Watching out for gifts
Last Friday evening, the ‘lime’ was not up to its customary size neither was there the normal hyped, end-of-week, celebratory mood.
With pannist, Alan Cardinal providing melodious renditions of “kaiso” and “pop” in the background, conversation at Martin’s Piano Bar on Woodford Street, Port of Spain did maintain its normal stimulating content, however.
The focus drifted from politics and the actors of the day to the recent “killing spree” in East Port of Spain. Then the question jumped out: “How long are we going to continue this way?”
It was rhetorical, but, in the tone, one could have sensed many things, one of which was the painful conclusion that somewhere we, as a people, are seen as breaking our Covenant with the Almighty. From that interpretation, one could have sensed, even in a Friday evening lime, an agonising cry for help, a search for not personal salvation, but for our society.
“Do you really realise where we have reached? Criminals are now ejecting the poor, the most vulnerable people from their homes!” the follow up came, in anguish.
The sting in the questions resonated further, with arrival of author Earl Lovelace. His stay, brief but long enough for his contribution: “At this point, we have to change everything. We can’t continue to talk about the legacy of Crown Colony government. Now is not the time for small changes, but serious, radical changes in how we govern ourselves”.
Lovelace had to leave, before he could be more detailed, but my mind turned immediately to the conclusions reached during the meeting between the Prime Minister, and the Leader of the Opposition.
All the announced anti-crime initiatives appeared so tired: another, “new” system for the selection of Police Commissioner; more police officers, more cars, morale-boosters for officers; another review of the witness protection system, etc.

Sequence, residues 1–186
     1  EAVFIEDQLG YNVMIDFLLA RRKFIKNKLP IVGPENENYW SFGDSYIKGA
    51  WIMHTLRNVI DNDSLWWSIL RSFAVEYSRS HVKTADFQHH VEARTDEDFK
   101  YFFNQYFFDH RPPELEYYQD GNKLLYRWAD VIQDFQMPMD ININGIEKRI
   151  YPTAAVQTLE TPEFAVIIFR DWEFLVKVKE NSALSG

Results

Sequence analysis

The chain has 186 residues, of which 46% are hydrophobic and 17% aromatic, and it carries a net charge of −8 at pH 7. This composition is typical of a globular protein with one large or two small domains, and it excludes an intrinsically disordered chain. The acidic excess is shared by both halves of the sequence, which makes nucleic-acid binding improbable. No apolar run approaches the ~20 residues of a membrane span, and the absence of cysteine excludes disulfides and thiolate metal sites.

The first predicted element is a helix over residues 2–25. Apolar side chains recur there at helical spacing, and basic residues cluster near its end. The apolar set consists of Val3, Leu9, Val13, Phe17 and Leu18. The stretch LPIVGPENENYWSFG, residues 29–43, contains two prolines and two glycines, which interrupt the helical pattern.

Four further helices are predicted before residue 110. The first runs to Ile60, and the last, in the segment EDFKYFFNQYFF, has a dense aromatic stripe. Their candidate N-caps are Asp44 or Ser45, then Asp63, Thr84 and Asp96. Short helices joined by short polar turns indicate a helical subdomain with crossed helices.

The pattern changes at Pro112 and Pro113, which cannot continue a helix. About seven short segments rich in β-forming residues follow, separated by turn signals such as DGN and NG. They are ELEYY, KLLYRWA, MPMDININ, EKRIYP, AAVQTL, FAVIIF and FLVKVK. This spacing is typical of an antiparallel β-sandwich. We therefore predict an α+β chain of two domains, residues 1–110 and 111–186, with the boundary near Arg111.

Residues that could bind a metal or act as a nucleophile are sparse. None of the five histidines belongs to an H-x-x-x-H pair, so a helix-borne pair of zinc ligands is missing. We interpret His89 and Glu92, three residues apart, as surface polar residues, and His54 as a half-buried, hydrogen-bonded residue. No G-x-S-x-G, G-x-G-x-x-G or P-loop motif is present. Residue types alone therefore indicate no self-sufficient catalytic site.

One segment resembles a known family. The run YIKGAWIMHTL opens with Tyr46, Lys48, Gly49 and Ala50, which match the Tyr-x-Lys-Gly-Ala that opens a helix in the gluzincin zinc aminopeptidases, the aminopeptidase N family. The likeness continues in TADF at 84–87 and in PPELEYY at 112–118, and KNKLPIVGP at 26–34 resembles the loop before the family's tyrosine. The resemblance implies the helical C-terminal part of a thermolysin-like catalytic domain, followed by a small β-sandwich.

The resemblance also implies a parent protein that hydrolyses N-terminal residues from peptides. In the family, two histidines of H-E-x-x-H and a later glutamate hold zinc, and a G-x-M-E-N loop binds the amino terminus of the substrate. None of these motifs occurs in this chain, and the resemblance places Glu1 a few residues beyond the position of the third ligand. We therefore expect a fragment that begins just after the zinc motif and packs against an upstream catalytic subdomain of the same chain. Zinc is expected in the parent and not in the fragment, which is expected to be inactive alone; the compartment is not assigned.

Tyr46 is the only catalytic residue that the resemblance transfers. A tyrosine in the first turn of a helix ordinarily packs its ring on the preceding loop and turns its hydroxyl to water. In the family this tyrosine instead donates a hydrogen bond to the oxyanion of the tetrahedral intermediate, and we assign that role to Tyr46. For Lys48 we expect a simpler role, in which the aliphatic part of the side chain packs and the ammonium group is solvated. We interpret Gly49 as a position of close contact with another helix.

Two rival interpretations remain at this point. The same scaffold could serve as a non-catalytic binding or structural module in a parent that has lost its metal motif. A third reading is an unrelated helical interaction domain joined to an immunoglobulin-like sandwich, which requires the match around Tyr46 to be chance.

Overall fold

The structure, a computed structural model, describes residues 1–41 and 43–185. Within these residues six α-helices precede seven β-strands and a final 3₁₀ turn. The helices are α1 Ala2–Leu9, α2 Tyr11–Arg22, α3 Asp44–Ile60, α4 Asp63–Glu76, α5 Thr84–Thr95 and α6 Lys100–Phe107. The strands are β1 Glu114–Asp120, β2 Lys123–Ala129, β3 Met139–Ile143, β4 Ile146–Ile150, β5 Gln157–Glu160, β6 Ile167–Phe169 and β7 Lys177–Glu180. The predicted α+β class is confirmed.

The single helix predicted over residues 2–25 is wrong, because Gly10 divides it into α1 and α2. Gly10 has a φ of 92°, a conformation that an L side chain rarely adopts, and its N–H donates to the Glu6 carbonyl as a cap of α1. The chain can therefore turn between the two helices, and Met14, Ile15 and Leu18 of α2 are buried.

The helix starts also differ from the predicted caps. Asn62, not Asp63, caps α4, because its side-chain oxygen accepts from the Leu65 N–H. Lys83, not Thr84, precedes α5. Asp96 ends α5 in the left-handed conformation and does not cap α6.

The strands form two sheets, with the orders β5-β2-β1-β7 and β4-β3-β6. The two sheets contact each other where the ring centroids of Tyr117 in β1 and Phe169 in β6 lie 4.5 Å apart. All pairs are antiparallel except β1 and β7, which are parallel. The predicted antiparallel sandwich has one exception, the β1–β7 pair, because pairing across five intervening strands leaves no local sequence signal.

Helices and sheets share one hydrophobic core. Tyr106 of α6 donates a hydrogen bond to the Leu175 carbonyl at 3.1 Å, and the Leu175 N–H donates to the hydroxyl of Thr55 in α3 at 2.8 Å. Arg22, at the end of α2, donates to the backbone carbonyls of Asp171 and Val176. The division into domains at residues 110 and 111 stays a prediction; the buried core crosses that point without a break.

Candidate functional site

Then, the solutions of the Ministry of Tertiary Education trite, as expected; it announced another roll-out of “band-aids”, some dull, unimaginative social programmes for residents of East Port of Spain.
All these were supposed to be the PM’s solution package in response to the gang-related “killing spree”, and the detention of over 100 persons, then the almost immediate release of about 50 per cent of them.
Faced with this urban crisis, her Government stands clueless. I believe its stasis was demonstrated best in the headlines carried on Wednesday in another newspaper. The lead story on Page 3 read: “Moonilal: AG looking at tougher anti-gang laws”; the Page 5 lead was headlined: “AG: Nothing’s wrong with anti-gang law”.
The Attorney-General, to his credit, stated the problem was law enforcement. That view was shared, in part, by former minister, Subhas Panday who maintained that the failure of the police “smells of corruption and incompetence”. He cited the fact lamentably that a 300-man Police search party in downtown could not find “not even a caps gun”.
Interestingly, in the Middle Ages crime was not believed to be a social problem, but a phenomenon caused by the devil. The church today says that it is the absence of religion, in our lives, that causes widespread crime and delinquency.
Parent Teacher Associations are quick to add the Education Ministry, the schools and the teachers to that list.
Others say it is unemployment, drugs, the neglect of the social environment, and the resulting slums, squalor and decay that cause crime. Thanks to Freud, our interest in the psyche has led to a better understanding that therein contains the source of man’s problem.
Whatever the point of view, crime in East Port of Spain has to be seen not in geographical isolation, but as a Trinbago problem, a condition being inflicted on our collective selves. It is every one’s problem.
This point came to be as I returned home. On late-night television, the PM was outlining — quite airily — her Government’s plans to hand over homes and lands to some 8,000 ex-Caroni 1975 Ltd workers, and some 3,400 squatters, because they had been neglected, giving her usual line, by that cruel, discriminatory PNM government.
She said although the workers had received their severance pay and gratuities, they were promised homes and agricultural lands, and her Government intended to fulfill that promise, before its term ends.
Watching the PM on television was another one of the moments that I concluded, “She just doesn’t get it”. I asked myself: “How can one exist in such a flimsy bubble? Crime is a cancerous beast not confined to black people in the inner city; it is metastasising, in Felicity, Chaguanas, Penal, while the PM and her ‘cabal’ fiddle away”.
Last year, her Government gave us Section 34, as an Independence Day gift. I will celebrate this Friday into Saturday — but with anxiety about this year’s real gift.
• Keith Subero, a former
Express news editor, has
since followed a career in